Howl. Text and audio of the Shaw Festival Reading of the 1955 poem.
Allen Ginsberg. © Allen Ginsberg, LLC. used by permission of The Wylie Agency (UK) Limited.
Allen Ginsberg (1926-1997)
was an American poet and one of the leading figures of the Beat Generation of
the 1950s. A practicing Buddhist, he densely fought for freedom and equality,
opposing militarism, economic materialism and sexual repression, and
participating in non-violent political protest against many existential
political and social issues of his times.
The VENICE INTERNATIONAL
PERFORMANCE ART WEEK presents text and audio of the Shaw Festival Reading of
the 1955 poem Howl by Allen
Ginsberg, first published as part of his 1956 collection of poetry titled Howl and Other Poems. Howl served as a manifesto for the Beat
Generation and many more to come, as Ginsberg denounced what he saw as the
destructive forces of capitalism and conformity in the United States. Through the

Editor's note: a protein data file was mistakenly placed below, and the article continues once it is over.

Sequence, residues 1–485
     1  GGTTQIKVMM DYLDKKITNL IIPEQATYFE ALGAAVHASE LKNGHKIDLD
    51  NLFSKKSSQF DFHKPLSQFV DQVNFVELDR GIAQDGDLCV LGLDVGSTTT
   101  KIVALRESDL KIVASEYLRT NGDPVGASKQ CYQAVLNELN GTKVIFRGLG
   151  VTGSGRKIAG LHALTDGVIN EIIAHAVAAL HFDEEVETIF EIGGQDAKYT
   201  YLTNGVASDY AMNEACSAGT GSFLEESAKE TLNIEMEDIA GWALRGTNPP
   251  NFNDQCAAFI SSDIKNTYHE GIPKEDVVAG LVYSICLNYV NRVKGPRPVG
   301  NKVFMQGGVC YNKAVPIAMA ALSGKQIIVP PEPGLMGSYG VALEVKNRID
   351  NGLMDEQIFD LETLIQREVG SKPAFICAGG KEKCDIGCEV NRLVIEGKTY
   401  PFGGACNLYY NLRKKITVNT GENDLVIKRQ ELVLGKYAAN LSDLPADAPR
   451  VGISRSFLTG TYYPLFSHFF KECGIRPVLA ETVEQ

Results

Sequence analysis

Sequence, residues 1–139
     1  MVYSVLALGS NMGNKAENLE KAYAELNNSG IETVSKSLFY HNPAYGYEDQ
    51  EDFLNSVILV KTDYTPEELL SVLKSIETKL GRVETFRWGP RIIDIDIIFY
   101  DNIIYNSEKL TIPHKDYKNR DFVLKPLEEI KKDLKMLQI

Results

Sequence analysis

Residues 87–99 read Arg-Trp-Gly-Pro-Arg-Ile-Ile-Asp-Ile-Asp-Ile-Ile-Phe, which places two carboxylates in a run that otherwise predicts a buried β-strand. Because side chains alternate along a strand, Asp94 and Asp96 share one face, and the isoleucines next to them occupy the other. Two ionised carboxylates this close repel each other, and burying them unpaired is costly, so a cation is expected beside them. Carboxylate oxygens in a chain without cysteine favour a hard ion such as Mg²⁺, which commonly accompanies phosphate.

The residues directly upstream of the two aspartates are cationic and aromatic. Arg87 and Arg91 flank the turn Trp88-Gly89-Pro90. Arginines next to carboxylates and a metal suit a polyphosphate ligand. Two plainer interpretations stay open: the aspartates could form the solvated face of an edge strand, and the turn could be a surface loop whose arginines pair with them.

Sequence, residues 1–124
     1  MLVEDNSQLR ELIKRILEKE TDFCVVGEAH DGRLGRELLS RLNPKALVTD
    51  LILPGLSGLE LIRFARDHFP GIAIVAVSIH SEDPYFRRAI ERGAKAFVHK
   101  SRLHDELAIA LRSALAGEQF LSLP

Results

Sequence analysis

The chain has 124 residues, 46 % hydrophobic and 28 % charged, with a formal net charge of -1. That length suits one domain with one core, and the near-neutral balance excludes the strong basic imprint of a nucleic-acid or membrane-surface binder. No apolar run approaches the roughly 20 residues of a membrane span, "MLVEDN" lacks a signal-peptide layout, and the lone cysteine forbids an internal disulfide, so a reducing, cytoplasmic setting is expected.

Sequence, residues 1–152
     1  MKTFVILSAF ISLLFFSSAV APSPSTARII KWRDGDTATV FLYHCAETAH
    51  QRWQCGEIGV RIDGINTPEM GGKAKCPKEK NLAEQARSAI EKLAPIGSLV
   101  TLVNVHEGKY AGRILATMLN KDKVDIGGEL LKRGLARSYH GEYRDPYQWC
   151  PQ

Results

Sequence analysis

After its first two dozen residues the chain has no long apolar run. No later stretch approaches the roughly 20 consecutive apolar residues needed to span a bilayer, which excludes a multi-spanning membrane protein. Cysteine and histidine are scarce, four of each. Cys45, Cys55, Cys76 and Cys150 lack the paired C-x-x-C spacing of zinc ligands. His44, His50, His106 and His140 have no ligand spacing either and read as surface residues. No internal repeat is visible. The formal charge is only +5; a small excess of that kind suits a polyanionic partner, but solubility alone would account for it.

obscenity trial that the poem’s publisher Lawrence Ferlinghetti faced in 1957, Howl became a representation of freedom
of the press and speech and hence uncensored literary expression. The poem contains
references to illicit drugs and heterosexual and homosexual sexual practices,
at a time when sodomy laws made homosexual acts a crime in every U.S. state.
This crucial case was positively
resolved when California State Superior Court Judge
Clayton Horn decided that the poem was of "redeeming social importance".
Copyright © Allen Ginsberg, 1984, 1995, used by permission of The Wylie Agency (UK) Limited.
© Venice International Performance Art Week 2012-2014